June 22, 2014 by Paula Reed Nancarrow
In honor of my daughter’s graduation from the University of Chicago last weekend – with a Master’s in Divinity, no less – I’m posting a story about her that first appeared in our church newsletter when we lived in Nashville, Tennessee, and that I’ve told many, many times since. She is a very excellent daughter, and her mother is very proud.
My Very Excellent Mother Just Served Us Nine Pizzas.
When my daughter Maggie was in the third grade, she began to study the solar system. She came home reciting this, then she told me the names of the planets in their proper order: Mercury, Venus, Earth, Mars, Jupiter, Saturn, Uranus, Neptune, and – back in 1994, when we had nine planets* – Pluto.
I remember science being fun in elementary school, although none of my experiments ever really worked right.
Vinegar and baking soda never blew up my balloon.
Secret messages written in lemon juice remained invisible, no matter how many candles I passed over them.
The paper maché moon I made for the Science Fair… grew mold in its craters. It was the only moon in the solar system with life forms, but the Science Fair judges were not impressed.
Still, I had fun. And I learned something.
But when my daughter came home with a science project to make a model of Jupiter, I forgot what was fun about science. It had to be right. That’s what mothers are for.
I forgot the words of the Magic School Bus‘s Ms. Frizzle, whose scientific method is more crucial to school projects than Carl Sagan’s: “Make mistakes. Take chances. Get messy.”
I should have known from the beginning any planet that was nothing but a big ball of gas was going to cause trouble.
First the modeling clay did not come in the right colors.
You can’t do the Great Red Spot without red.
“That’s all right,” I said to Maggie. “We’ll get self hardening clay, and we’ll paint it.” But in a move completely out of character for the Father of the gods, Jupiter refused to get hard.
“It’s cracking all over,” said Maggie. “And it’s still soft inside.”
“All planets have cracks,” I said.
She painted the surface in whites and oranges and yellows, and in the middle laid a big red splotch.
Her brow wrinkled.
“It has a faint system of rings,” she said.
We wound a belt of pipe cleaners round the middle.
The day before Jupiter was due I found the instruction sheet for the project underneath our tax forms: “Construct a model of a planet and its moons.”
“Just how many moons does Jupiter have?” I asked Maggie.
Too late to get more self hardening clay. We would use some of that corn starch stuff, like in Vacation Bible School.
Maggie made the moons in various sizes. The four discovered by Galileo had to be bigger. She painted the cardboard base of her model midnight blue. Then she cut pipe cleaners and inserted them into the moons. We’d stand them up in orbit around Jupiter.
That was my idea.
I should have known any planet that was nothing but a big ball of gas would be a stinker when it came to its moons.
They didn’t dry either. We painted the moons while the clay was still wet.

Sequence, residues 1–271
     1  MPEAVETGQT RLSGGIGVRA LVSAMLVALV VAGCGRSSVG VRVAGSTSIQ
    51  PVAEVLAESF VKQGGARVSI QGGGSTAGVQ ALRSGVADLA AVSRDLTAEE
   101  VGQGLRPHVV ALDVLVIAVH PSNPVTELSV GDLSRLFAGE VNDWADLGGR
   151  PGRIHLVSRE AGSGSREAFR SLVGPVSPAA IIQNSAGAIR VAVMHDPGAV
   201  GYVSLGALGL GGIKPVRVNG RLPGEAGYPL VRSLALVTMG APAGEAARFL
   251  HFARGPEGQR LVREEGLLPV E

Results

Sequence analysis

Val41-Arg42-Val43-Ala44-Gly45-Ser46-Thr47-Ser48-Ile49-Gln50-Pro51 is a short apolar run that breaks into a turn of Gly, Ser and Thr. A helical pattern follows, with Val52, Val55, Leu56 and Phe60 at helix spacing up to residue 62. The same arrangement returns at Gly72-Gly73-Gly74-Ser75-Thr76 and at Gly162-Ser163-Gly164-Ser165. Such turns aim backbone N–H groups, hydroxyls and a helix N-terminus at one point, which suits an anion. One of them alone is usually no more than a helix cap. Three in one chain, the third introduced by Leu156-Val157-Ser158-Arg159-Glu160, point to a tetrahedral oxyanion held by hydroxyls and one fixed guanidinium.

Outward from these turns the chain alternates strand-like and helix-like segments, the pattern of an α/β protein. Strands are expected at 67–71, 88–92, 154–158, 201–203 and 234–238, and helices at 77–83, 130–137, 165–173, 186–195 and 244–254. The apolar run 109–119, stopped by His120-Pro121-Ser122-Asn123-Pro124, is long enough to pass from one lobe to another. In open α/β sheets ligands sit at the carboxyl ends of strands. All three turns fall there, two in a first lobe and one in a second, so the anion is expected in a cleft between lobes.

Maggie and her dad gave the Galilean moons features: Io was red and brown, Europa finely crackled. Ganymede and Callisto got pockmarked with a pencil.
“We’ll attach the moons after supper when the paint dries,” I said. It didn’t. We attached the moons while the paint was still wet. Fingerprints, like atmospheric storms, swirled their surfaces. I stood one up on the base. Wet corn starch is heavy, and the pipe cleaner drooped despondently.
“We should have gotten styrofoam balls, Mom. Rose brought hers in a day early and she used styrofoam balls.”
I looked at the project with dismay. Visions of moldy paper mache swam before my eyes. I should have known.
“We’ll glue tacks to the base and poke the moons on those,” Maggie’s dad suggested.
Maggie plunked the tacks on, then the moons.
“You have ten moons on one side,” I said.
“I couldn’t reach,” said Maggie.
“The Jovian system has always had low harmonic convergence,” said my husband. Who could argue with that?
It was windy and cold the day I walked Maggie to school with the Jovian system.
Several moons abandoned their harmonic convergence, as well as their thumbtacks, by the time we got there. Children gathered in the hall before the classroom door. Mrs. Zimmerman had not arrived yet.
“See, Mom?” said Maggie, pointing to another girl’s project. “Styrofoam balls and spray paint.” It was a very neat project. Obviously this child’s mother was an astrophysicist. Or she worked at Michael’s.
The children surrounded the Progeny of Genius Mother and her perfect model.
“Where are Saturn’s rings?” one asked.
The child shrugged.
Another: “Why is Pluto pink?”
“I like pink,” she said.
I kissed Maggie goodbye and went to pay for her milk tickets.
It wasn’t until I was done that I realized I still had her gloves in my hands. When I came back up the stairs the kids were all gathered around Maggie’s project. And there was my daughter. Her flyaway hair shot out around her head like Einstein’s.
“That’s Io,” she said. “It’s red and brown because it has sulfuric acid volcanos. That’s Europa. It has ice and an atmosphere.”
“What are these two with the pencil holes in them?”
“Those aren’t pencil holes, Phillip. They’re craters. That’s Callisto and Ganymede,” she said. “All of Jupiter’s moons were named after Jupiter’s girlfriends.”
Ganymede was a little boy, actually, but I was not prepared to explain. I handed my daughter her gloves. My hands had wet paint on them.
“Have a good day, sweetie,” I said. “Make mistakes. Take chances. Get messy.”
Carl Sagan had a good laugh on Cosmos at the music of the spheres. Angels pushing the planets around made him giggle. But I know where the angels went after Carl made fun of them. They were reassigned – to science projects.
* Update: Apparently Pluto may be a planet again.